Wednesday, January 02, 2008

Bravo Brigham!

Liz Kowalczyk writes in the Boston Globe today about plans by Brigham and Women's Hospital to improve access to families of patients in its intensive care units. The Brigham is just completing a new building, and they have designed the ICU rooms to have sufficient space and amenities to permit family members to stay overnight. Here is the significant excerpt:

The rooms will be as big as 350 square feet - about double the size of the hospital's current rooms - and patients will be able to designate a relative or friend to stay with them each night, basically living alongside them in the room.

Doctors and nurses will encourage family members to help provide basic care, such as bathing and changing bandages, and allow designated individuals to remain in the room for most procedures, including removal of chest tubes, insertion of intravenous lines, and even resuscitations.

This is really an excellent step, and the Brigham deserves credit for including the possibility in the design of the new space -- but mainly for adopting medical rules and regulations that encourage this type of care.

In this regard, we are behind at BIDMC. As noted by a recent patient in a letter to me: "The ICU staff generally still sees family as outside of the direct care system.... The first night in the ICU was really awful, in that the visiting hours were strictly imposed, and we were allowed 2 people to visit her for five minutes every other hour. The nurse would look up at the clock when we entered, a kind of visual cue that she was counting. I’d strongly encourage (maybe, beg) for you to reconsider this policy in the ICU and throughout. I was told that the policy was in place for several reasons, but that the staff would never keep a family and a dying patient apart. I agree but think you are missing some wonderful energy and resources by placing limits in non-terminal situations."

So thanks to the Brigham for setting a great example. We are currently reviewing our own regulations to figure out what changes we should make. Likewise, in designing new ICUs and other rooms, we will be sure to make this a physical possibility. (By the way, the decision by the Brigham to expand the normal size of a room clearly adds costs. I think many would agree that this is money well spent, but I wonder if any of the insurers out there reading this would want to comment on how they feel about paying for this.)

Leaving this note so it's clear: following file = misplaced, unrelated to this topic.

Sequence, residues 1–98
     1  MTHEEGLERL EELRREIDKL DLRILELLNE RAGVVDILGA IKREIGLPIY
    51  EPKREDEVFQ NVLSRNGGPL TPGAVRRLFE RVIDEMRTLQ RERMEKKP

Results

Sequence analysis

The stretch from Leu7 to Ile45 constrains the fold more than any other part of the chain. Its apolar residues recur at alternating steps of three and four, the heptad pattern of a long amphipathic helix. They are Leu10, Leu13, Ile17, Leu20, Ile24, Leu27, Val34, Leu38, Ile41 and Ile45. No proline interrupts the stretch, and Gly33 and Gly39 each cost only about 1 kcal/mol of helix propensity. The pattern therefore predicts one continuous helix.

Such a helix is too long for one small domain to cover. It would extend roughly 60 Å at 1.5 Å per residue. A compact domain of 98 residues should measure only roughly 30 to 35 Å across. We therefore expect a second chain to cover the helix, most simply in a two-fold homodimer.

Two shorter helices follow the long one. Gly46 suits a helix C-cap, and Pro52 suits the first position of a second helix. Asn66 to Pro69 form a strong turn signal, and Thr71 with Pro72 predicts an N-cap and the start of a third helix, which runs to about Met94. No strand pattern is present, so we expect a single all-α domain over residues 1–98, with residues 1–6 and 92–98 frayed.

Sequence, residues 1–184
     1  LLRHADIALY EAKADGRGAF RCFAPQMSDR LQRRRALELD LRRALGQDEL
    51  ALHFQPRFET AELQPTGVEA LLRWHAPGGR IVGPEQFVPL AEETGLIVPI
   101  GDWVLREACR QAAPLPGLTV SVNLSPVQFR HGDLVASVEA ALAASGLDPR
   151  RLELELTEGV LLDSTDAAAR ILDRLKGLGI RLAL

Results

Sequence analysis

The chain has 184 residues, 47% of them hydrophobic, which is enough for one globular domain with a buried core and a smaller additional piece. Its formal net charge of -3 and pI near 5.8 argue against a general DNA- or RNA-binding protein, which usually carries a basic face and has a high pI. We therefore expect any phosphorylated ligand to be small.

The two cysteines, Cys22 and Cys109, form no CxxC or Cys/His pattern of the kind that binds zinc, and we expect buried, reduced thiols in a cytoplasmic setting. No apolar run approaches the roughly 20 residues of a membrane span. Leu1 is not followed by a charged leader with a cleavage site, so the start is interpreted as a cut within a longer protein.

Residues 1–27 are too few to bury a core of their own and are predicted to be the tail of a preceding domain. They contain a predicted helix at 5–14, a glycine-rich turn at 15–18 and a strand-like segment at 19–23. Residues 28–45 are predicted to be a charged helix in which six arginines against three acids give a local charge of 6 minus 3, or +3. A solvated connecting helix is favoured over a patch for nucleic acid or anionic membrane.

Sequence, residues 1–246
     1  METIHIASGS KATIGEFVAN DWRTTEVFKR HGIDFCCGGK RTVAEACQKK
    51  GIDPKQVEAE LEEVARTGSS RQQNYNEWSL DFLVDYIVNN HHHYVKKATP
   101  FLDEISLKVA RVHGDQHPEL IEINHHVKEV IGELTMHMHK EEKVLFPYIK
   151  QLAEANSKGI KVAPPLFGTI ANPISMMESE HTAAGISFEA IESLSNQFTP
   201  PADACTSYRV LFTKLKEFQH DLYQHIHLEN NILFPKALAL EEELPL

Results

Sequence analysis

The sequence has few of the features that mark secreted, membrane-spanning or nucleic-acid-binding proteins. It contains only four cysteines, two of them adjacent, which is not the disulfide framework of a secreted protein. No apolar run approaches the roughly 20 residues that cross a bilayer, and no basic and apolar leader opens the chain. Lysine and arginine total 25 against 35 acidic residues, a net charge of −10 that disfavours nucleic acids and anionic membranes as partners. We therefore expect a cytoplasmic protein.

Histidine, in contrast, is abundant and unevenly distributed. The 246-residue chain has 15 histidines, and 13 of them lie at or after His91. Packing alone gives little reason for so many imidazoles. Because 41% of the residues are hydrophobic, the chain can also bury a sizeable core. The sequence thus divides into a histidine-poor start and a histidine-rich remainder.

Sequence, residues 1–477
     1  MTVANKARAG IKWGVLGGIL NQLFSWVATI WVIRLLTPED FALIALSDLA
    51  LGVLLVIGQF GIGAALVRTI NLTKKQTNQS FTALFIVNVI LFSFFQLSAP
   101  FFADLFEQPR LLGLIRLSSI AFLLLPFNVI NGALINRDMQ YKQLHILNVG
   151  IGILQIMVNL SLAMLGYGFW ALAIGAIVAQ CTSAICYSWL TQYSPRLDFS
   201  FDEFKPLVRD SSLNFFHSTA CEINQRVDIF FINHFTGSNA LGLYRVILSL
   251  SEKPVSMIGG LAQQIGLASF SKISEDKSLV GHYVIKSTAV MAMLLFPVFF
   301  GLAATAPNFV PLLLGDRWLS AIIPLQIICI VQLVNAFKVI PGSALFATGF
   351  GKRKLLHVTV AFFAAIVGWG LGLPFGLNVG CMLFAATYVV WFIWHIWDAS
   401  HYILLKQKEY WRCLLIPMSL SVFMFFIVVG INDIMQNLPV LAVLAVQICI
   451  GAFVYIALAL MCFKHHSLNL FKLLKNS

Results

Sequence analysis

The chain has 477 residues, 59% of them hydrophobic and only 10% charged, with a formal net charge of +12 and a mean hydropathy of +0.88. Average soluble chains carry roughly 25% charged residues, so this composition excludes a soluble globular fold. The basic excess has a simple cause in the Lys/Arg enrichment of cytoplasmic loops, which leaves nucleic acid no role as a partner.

Anonymous said...

Having spent 28 nights in a semi-intensive unit at BIDMC last year, I couldn't agree more that the Brigham's move is a great one. Having my wife with me, and other family members, made a massive difference to my experience, not to mention theirs.

I sure hope, though, that they provide real beds for the overnight guests. The recliners that are usually available are nasty excuses for a place to achieve rest.

Unknown said...

Paul, I came across this article in the NY Times, and thought you might like to read it if you haven't already.

I would love to see your thoughts on it.

Anonymous said...

Matt, I love Atul's writing. He is thoughtful and does a marvelous job.

On this article, I was a bit surprised at the regulatory issue he raised, and I have asked our folks to look into it.

Unknown said...

It just peaked my interest because there is so much push for evidence based medicine, it seems that this goes against just that.

I myself did quarters worth of Surg. Infection prevention sheet audits that we held physicians and other care givers to. Why would that be different? Core measures in itself would be just that.